Linking ERM and the Insurance Underwriting Process

Enterprise Risk Management (ERM), in one form or another, has been around for almost two decades. The number of publicly traded companies, especially those in highly regulated industry sectors, have been deploying the ERM process primarily because they were pushed (explicitly or implicitly) to do so by the major credit rating agencies, government mandates such as SEC 33-9089 or Dodd-Frank, their internal/external auditors, or members of the board of directors.  No matter where the spark came from, however, the number of companies utilizing the ERM process continues to grow.

CFOs, CROs, and risk managers that have been practicing ERM for years have been incurring the expenses for doing so. As ERM programs mature it might be time to consider, in monetary terms, the value the company and its insurers places on all the work that has been done over the years. CFOs ask questions about return on investment (ROI) all the time – why not about ERM? Linking enterprise risk management and the insurance underwriting process is one approach to produce a tangible result. Because the vast majority of commercial insurance renewals are Jan. 1, CROs and risk managers should consider initiating a discussion with some of their insurers to determine the potential credits for having a functioning ERM program.

Brokers typically represent the vast majority of larger middle-market and Fortune 1000 publicly traded accounts. Brokers start to work with their larger accounts months before renewal dates and assemble a submission package for insurance underwriters. The inclusion of a timely and relevant ERM report to the underwriting submission that demonstrates the changes to the risk profile of the company should make a stronger case for favorable rate considerations for their clients. The general headings that we recommend for discussion within the underwriting submission include:

• Risk organization and governance

• Risk appetite, tolerance and limits

• Risk metrics and measurement

• Risk management process, procedures and controls

• Risk monitoring, reporting and communication

These are the same general areas that insurers themselves are being asked to discuss with their own regulators as part of the new Own Risk and Solvency Assessment (ORSA) soon to be issued by the National Association of Insurance Commissioners. If the broker or insurer does not think that having a functioning ERM program does not merit a price reduction – especially for directors & officers liability insurance – investigate further and dig deeper. Early in the renewal process is a good time for the risk manager, CRO, or CFO to meet directly with underwriters to discuss their ERM from two different perspectives: the amount of rate reduction, or the steps that could be taken to improve the risk profile enough to warrant a premium reduction.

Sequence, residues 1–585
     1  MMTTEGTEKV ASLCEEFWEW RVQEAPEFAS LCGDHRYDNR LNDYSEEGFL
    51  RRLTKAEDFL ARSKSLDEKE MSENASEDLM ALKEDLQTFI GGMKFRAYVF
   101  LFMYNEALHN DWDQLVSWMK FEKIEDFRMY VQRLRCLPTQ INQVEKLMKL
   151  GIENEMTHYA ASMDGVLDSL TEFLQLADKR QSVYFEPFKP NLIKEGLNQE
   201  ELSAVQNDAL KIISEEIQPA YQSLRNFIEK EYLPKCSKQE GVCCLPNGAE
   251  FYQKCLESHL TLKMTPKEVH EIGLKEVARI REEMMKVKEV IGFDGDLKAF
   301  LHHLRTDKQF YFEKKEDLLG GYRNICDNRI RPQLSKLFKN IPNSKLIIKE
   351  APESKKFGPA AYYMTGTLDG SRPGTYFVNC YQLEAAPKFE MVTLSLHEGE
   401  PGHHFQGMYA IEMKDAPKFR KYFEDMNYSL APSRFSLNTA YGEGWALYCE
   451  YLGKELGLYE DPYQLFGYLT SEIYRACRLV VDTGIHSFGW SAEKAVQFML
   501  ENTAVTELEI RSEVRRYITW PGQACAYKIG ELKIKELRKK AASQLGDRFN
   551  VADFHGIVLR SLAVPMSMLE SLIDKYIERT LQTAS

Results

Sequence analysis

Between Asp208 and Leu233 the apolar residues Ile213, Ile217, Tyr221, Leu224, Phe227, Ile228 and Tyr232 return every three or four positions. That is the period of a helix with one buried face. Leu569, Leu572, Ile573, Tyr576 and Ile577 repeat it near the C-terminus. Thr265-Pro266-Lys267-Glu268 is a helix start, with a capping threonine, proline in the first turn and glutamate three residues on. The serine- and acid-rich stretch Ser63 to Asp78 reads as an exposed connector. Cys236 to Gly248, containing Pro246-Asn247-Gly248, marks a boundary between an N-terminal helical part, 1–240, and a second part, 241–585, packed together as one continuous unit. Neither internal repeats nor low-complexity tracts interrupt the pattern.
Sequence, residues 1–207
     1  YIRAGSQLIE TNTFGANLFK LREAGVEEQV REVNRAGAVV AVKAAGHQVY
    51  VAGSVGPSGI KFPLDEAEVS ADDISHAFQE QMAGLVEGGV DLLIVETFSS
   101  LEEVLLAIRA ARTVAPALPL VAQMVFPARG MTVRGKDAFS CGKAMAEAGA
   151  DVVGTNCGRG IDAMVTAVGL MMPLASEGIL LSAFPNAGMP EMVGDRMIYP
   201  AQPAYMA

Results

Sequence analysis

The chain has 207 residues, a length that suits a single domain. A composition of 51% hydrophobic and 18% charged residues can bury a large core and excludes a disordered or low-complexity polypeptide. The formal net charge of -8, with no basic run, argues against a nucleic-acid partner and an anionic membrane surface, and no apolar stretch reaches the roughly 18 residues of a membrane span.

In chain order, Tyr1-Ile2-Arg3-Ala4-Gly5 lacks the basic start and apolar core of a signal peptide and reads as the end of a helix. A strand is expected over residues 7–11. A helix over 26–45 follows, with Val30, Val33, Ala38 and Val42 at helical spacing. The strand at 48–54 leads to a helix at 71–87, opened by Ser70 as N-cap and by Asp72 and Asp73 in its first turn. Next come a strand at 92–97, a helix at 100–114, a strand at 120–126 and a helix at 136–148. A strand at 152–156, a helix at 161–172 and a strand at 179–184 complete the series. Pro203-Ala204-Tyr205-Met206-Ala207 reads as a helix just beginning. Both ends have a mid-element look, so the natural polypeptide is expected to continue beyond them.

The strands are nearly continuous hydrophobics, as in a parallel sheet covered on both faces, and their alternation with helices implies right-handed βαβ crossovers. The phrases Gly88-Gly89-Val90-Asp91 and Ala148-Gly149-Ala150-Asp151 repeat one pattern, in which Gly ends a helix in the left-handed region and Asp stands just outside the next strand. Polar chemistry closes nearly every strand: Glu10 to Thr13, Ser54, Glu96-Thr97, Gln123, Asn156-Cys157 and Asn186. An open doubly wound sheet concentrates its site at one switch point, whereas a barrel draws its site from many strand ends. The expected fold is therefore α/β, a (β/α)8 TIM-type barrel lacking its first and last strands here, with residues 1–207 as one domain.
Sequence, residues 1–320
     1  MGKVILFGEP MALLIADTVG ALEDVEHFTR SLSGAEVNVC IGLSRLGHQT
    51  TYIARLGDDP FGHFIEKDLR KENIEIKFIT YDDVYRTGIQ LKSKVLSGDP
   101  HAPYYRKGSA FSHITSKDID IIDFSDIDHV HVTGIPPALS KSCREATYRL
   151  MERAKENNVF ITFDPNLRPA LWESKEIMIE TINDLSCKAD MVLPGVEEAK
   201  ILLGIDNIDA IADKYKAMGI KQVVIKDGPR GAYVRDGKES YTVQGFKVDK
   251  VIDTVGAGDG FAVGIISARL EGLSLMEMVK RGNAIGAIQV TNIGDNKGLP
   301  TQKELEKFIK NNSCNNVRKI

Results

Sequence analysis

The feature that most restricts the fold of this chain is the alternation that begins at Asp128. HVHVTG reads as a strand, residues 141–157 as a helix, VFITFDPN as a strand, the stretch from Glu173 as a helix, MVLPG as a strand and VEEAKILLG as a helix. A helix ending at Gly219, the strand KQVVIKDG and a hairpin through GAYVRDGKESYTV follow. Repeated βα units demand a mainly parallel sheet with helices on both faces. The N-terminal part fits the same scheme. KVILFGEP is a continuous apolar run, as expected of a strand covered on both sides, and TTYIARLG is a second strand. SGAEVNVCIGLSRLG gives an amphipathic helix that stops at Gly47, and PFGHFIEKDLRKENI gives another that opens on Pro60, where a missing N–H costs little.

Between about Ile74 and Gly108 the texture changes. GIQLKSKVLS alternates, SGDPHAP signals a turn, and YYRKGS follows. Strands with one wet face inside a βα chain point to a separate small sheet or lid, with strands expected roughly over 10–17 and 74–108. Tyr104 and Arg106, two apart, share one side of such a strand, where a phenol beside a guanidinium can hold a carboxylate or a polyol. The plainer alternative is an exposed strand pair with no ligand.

Executive management of a company that adopted and implemented an ERM program five years ago should be considering the return on the investment that the company has made over the years. It will be up to the CFO and risk manager to demonstrate how the ERM process has been used to either change or improve the company’s risk profile from what it had been. We suggest a close working collaboration between the company and their insurance broker to craft an underwriting submission that details the benefits of the ERM program.

The collaboration would also be enhanced by including a company representative such as the CFO on the team, to represent the company in front of underwriters that may be encountering this negotiating tactic for the first time. Since the majority of corporate insurance renewals take place on Jan. 1, initiating a conversation in the summer with the insurance broker(s) involved would not be a bad idea. One caveat however, ERM in one company is not ERM in another. Completing a risk identification and assessment does not an ERM program make.